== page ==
Childhood Cancer Survivorship


About the event: 

 Most children and adolescents diagnosed with cancer will become long-term survivors with many potential years of life ahead of them. This growing population is at increased risk for late medical and psychosocial complications (“late effects”) that can adversely affect the quality of their survival and predispose them to early mortality.  Late effects account for a high prevalence of chronic health conditions among aging survivors of pediatric cancers and increase in prevalence with longer time elapsed from cancer diagnosis. Aspects of physical health that may be affected by cancer include growth and development, organ function, fertility and reproductive outcomes, and the risk of secondary carcinogenesis.  Similarly, cancer may predispose to a variety of psychosocial sequelae that may negatively impact social competence by hindering educational achievement, vocational and employment opportunities, insurance access, and marriage and social relationships. Early detection and initiation of preventive/ameliorative interventions provide the opportunity to reduce morbidity and mortality associated with cancer-related late effects.  This session will discuss risk factors and health surveillance recommendations for common medical morbidities experienced by long-term childhood cancer survivors related to cardiovascular, endocrine, and reproductive function and secondary carcinogenesis. 


Cardiac Outcomes in Survivors of Childhood Cancer   

Improved therapies and supportive care have led to an increasing number of patients surviving many years following successful cancer treatment.  For children and adolescents diagnosed with a malignancy this means many life-years saved.  However, the impact of cancer therapy on long-term health is substantial and the majority of childhood cancer survivors will experience at least one, if not multiple, chronic health conditions related to their prior therapies.  These may be medical and/or psychosocial issues that persist following therapy or conditions that present many years later.  The prevalence increases with time from diagnosis and may be complicated by health behaviors, life-style factors, as well as age-related organ dysfunction. 

Premature cardiovascular disease is the leading non-cancer cause of death among childhood cancer survivors and can be sub-clinical for many years prior to becoming clinically evident.  The most frequent presentation is a dilated cardiomyopathy, but it may also manifest as premature coronary artery disease, heart valve dysfunction, and/or rhythm and conduction abnormalities.  Treatment-related effects upon the circulatory system have not been as widely studied but may also be a contributing factor.  Screening and early recognition provide opportunities to intervene with preventive measures to ameliorate disease and, hopefully, reduce morbidity and mortality in this population.  This presentation will discuss the spectrum of and risk factors for cardiovascular complications among adult survivors of childhood cancer and review guidelines and challenges associated with long-term surveillance and health screening. 


Endocrine Effects

Endocrine disorders are among the most commonly reported chronic health conditions in childhood cancer survivors. This presentation will provide an overview of the most common endocrine late effects, with the exclusion of primary gonadal disorders. Principles guiding a systematic, risk-based screening approach for endocrine late effects will be discussed.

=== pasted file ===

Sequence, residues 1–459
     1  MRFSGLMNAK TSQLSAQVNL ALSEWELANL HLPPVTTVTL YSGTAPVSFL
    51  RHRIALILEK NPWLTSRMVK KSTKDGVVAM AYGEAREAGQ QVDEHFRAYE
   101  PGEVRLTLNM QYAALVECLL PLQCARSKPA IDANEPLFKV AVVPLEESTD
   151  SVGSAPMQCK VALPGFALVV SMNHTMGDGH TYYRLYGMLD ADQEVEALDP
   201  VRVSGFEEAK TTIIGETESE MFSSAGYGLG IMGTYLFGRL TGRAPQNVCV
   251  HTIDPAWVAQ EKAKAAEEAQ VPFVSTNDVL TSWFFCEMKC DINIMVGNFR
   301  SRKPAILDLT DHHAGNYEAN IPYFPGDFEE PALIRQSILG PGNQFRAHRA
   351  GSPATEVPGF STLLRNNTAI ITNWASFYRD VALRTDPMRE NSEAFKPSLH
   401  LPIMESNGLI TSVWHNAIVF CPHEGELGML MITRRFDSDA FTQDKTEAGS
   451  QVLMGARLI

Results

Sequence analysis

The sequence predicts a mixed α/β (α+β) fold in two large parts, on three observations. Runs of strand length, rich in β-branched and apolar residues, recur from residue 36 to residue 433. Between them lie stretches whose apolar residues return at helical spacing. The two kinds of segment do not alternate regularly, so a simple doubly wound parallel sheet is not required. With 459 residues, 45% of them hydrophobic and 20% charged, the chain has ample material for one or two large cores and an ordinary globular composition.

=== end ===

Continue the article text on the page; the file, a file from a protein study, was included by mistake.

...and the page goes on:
Cancer Survivor Risk

Childhood cancer survivors are at risk for subsequent malignant neoplasms (SMNs) occurring after treatment for primary cancer. SMNs are frequently related to prior cancer treatment-related radiation, however chemotherapy and genetic factors contribute to risk as well. SMNs are associated with increased risk for morbidity and mortality in survivors, therefore a number of strategies have been utilized to reduce this risk. Where cure rates have allowed, risk-adapted treatment regimens have been developed to minimize exposure to agents associated with SMNs. In other cases, secondary preventions strategies have been necessary. To address this need, leading guideline organizations have developed surveillance recommendations unique to childhood cancer survivor populations that seek to facilitate early detection of SMNs and mitigate the adverse effects of these adverse health events. Provider familiarity with risk and early detection is essential to maximizing effective intervention for SMNs.


Reproductive Late Effects

Childhood cancer survivors are similar to their peers in their desires to have children, but may be at increased risk for infertility or other adverse outcomes due to treatment exposures.  This presentation will provide an overview of reproductive late effects, including reduced pregnancies and live births, therapy based infertility risk stratification, fertility preservation options, and maternal and infant outcomes after pregnancy.




Melissa M. Hudson, MD, FASCO
Director, Survivorship Division
The Charles E. Williams Endowed Chair of Oncology-Cancer Survivorship
Department of Oncology
St. Jude Children’s Research Hospital, 
United States of America

Daniel Mulrooney, MD, MS
Survivorship Division
Department of Oncology
St. Jude Children’s Research Hospital
United States of America

Wassim Chemaitilly, MD
Director, Endocrine Division
Department of Pediatric Medicine
St. Jude Children’s Research Hospital
United States of America

Kari Bjonard, MD, Ph.D
Assistant Member, Department of Oncology
Division of Solid Tumor
Associate Program Director for Pediatric Hematology/Oncology Fellowship
Co-director of St. Jude Fertility Clinic
St. Jude Children’s Research Hospital
Memphis, TN

Matthew J. Ehrhardt, MD, MS
Assistant Member,
Department of Oncology
St. Jude Children’s Research Hospital
Memphis, TN



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